In Ahmani Sdn Bhd v Petronas Penapisan (Melaka) Sdn Bhd(1) the Malaya High Court considered awards rendered by arbitral tribunals which the parties neither claimed nor pleaded in the arbitral proceedings.


Ahmani Sdn Bhd sought to set aside an award pursuant to Sections 37 and 42 of the Arbitration Act 2005 in respect of a dispute between it and the respondent, Petronas Penapisan (Melaka) Sdn Bhd.

One issue that arose was the consideration of an unpleaded matter. The applicant contended that the 20% inflation awarded by the arbitral tribunal had not been pleaded or claimed by the respondent.

The applicant contended that the parties were neither alerted nor invited to address the issue of inflation, and that the award contained decisions on matters that were beyond the scope of the submission to arbitration. Against this background, the applicant invoked Sections 37(1)(a)(iv), 37(1)(a)(v), 37(b)(ii) and 42 of the Arbitration Act before the High Court.


The High Court noted that Sections 37(1)(a)(iv) and 37(b)(ii) were not properly invoked, as the applicant was seeking to set aside parts of the award. These sections could not be relied on, as both would lead to the setting aside of the entire award.

Section 37(1)(a)(v) could be relied on, as it permits parts of an award to be set aside.

The court agreed with the applicant's contention that the 20% inflation was outside the scope of the submission to arbitration for the following reasons:

  • The arbitral tribunal had failed to consult the parties to the arbitration regarding the 20% inflation. Further, its decision did not reasonably flow from any already argued or submitted premise.
  • During the arbitration, the arbitral tribunal agreed that the respondent had failed to prove that there was a lack of evidence in relation to additional costs.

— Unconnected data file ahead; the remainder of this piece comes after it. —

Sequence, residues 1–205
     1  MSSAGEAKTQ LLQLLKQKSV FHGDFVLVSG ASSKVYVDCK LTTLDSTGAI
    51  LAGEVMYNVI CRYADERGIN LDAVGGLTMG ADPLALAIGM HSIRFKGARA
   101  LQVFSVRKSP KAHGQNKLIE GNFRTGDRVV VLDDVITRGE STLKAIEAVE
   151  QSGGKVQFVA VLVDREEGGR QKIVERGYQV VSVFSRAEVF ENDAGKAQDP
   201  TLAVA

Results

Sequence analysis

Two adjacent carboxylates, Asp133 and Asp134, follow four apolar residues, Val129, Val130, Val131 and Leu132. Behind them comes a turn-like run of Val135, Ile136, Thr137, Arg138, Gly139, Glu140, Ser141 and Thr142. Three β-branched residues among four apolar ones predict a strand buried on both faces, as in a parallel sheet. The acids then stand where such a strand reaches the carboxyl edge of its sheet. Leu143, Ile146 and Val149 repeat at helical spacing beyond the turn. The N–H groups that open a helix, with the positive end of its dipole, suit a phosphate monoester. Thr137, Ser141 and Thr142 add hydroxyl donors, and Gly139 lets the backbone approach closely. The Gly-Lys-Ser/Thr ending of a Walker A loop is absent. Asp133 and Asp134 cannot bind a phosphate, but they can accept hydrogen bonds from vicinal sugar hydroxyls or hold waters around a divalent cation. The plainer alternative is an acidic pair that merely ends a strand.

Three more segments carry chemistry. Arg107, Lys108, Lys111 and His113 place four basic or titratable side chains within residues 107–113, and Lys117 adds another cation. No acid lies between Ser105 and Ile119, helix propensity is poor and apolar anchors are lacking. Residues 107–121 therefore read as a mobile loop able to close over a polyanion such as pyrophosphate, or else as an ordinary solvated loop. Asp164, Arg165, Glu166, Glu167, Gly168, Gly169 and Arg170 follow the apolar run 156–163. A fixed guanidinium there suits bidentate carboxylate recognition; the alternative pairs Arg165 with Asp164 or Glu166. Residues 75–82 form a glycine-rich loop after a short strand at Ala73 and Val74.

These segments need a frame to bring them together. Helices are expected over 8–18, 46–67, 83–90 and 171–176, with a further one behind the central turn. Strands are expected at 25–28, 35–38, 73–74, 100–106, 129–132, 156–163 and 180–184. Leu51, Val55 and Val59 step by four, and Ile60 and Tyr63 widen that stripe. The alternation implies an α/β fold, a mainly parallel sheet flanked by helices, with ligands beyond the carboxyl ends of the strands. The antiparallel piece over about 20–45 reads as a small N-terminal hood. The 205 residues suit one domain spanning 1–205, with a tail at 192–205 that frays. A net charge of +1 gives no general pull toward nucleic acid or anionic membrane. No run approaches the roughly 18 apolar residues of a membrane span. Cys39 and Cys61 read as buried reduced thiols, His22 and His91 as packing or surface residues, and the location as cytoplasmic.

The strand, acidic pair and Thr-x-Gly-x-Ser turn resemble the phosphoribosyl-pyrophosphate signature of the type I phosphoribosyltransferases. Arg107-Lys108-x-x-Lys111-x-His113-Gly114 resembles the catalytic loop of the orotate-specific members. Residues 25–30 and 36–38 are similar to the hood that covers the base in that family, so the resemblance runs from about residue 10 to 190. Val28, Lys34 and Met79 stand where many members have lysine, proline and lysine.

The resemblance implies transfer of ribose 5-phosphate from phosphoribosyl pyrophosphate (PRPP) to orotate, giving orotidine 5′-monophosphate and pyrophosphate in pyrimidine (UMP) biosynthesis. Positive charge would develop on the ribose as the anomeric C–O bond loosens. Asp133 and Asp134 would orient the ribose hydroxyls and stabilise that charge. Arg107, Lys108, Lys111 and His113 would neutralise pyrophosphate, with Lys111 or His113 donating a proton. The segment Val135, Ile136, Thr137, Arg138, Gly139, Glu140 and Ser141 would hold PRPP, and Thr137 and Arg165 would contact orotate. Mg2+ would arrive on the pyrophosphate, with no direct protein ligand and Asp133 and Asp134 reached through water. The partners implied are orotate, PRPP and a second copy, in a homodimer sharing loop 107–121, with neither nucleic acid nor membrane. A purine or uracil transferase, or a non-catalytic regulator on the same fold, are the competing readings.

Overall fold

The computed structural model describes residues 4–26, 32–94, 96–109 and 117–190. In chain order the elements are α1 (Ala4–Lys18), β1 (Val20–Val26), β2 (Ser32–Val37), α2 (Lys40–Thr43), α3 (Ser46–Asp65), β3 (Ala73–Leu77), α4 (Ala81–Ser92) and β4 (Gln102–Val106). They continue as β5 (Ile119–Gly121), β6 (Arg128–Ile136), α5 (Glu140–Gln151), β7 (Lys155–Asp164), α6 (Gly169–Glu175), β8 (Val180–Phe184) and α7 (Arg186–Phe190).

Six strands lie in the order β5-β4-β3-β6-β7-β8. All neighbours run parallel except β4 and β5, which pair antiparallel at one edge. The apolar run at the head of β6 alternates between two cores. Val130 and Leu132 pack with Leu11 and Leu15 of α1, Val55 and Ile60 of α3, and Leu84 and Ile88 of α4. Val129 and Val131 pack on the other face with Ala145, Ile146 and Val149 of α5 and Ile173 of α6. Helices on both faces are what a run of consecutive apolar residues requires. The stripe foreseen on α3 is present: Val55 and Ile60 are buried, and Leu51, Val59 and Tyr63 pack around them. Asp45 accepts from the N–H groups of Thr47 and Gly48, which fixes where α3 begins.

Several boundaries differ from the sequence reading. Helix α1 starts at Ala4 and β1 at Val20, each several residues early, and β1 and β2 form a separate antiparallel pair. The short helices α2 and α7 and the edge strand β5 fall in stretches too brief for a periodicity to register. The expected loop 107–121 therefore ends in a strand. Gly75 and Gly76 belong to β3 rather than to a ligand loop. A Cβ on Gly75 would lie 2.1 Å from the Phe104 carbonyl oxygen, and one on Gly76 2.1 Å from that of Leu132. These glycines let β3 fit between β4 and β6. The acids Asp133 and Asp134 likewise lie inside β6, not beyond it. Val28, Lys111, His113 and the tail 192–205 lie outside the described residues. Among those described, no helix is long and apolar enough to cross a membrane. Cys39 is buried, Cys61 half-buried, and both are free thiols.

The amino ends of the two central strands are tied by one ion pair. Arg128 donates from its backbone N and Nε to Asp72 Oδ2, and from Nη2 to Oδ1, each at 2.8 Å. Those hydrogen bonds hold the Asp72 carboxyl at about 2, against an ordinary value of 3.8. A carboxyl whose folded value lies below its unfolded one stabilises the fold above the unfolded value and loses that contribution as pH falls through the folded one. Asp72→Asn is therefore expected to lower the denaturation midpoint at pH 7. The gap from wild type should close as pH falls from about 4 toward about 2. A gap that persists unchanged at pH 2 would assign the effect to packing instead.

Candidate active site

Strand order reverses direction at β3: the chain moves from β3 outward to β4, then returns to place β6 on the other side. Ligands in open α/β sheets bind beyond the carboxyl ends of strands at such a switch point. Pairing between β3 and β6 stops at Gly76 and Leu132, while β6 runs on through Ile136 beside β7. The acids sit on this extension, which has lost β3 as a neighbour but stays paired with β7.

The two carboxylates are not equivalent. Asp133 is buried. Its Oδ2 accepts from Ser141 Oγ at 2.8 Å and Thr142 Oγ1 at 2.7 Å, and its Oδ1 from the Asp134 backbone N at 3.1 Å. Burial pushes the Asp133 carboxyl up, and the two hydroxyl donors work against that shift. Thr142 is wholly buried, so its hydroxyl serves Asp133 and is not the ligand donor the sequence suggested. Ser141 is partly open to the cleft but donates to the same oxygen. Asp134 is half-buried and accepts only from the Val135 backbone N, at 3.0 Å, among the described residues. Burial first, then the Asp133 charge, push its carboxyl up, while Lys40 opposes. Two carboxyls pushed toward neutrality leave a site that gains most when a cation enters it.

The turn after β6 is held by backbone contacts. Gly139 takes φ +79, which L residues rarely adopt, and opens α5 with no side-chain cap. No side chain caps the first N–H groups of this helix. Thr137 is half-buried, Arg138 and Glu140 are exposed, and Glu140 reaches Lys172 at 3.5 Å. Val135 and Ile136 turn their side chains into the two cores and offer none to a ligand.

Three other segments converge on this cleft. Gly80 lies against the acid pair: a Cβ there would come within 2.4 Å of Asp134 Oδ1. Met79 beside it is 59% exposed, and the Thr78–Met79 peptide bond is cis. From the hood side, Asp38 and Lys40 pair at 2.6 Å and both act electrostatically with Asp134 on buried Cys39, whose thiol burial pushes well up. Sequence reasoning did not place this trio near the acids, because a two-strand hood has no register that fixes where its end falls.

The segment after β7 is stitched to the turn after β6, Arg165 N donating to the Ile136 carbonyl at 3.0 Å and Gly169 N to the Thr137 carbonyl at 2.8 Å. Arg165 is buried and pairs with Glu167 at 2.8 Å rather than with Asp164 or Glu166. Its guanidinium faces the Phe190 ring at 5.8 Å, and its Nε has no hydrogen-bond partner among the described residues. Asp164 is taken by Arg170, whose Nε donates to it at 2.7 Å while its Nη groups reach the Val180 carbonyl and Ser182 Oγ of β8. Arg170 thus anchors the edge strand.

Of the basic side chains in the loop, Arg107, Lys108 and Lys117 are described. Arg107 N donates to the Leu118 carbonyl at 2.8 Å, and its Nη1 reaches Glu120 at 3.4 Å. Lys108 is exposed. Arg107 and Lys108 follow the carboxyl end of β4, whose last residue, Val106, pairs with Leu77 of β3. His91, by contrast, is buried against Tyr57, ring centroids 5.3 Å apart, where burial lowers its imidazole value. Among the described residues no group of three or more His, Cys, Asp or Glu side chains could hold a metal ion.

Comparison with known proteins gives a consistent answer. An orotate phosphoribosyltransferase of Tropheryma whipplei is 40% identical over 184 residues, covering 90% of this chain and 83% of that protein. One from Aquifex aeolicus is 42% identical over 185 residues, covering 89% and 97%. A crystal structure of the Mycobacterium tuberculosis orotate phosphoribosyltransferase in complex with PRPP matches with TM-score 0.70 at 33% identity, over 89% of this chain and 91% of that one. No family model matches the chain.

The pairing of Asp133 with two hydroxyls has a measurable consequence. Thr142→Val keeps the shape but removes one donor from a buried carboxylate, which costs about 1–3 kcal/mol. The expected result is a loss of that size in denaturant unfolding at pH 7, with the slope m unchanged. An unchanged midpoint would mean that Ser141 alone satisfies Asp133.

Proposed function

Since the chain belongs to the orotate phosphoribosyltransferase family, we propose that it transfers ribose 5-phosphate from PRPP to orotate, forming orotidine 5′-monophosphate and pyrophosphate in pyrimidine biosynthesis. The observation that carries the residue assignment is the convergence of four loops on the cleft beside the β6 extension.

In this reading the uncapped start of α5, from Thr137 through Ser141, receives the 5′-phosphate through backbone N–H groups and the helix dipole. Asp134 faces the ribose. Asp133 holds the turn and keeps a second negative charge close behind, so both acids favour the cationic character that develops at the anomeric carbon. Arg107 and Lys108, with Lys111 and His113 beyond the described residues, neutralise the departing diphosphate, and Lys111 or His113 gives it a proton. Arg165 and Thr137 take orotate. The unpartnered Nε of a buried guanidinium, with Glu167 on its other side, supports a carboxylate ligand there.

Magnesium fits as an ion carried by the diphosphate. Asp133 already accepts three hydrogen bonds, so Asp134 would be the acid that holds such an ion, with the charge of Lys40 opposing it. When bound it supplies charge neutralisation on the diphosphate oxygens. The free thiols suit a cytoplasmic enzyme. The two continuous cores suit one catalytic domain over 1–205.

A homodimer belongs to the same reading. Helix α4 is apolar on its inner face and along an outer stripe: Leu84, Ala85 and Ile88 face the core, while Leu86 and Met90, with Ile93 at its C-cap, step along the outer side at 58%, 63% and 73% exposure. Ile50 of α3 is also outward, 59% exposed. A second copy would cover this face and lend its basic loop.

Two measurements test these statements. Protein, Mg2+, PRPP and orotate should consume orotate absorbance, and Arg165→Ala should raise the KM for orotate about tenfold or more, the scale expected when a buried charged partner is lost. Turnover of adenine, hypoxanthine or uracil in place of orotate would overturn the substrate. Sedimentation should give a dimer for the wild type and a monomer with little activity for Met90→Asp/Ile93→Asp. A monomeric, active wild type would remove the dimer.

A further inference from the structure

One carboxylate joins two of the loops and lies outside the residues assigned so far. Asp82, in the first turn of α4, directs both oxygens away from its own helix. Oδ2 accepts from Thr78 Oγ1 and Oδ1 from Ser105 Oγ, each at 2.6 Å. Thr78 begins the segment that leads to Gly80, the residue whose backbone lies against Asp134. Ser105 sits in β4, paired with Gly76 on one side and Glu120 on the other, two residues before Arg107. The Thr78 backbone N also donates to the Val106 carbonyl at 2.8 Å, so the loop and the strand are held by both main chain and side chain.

• The applicant and respondent agreed that the issue of inflation was never addressed by the parties; nor were they invited to address the same during the arbitration.

The High Court thus held as follows:

"Where the Arbitral Tribunal wants to do more, which it obviously wanted in this case, including introducing the matter or element of inflation, as well as offer its views as to the value of that factor of inflation; the Arbitral Tribunal was obliged to go back to the parties. There, it may sound out its concerns, bring up this matter of inflation and even offer its view as to the value of the inflation as well as the source or evidence of that value and then, invite views or submissions of the parties on the matter. The Arbitral Tribunal is obliged to do so because it takes jurisdiction from the submission of the parties."

In essence, by failing to invite the parties to address the matter of inflation during the arbitration, the arbitral tribunal had exceeded its jurisdiction by rendering an award in respect of a matter not claimed or pleaded by the parties.

Having addressed the applicant's applications under Sections 37 and 42, respectively, the court set aside the respondent's counterclaim and amended the award accordingly.

For further information on this topic please contact K Shanti Mogan at Shearn Delamore & Co by telephone (+60 3 2070 0644) or email ( The Shearn Delamore & Co website can be accessed at


(1) [2015] AMEJ 887.

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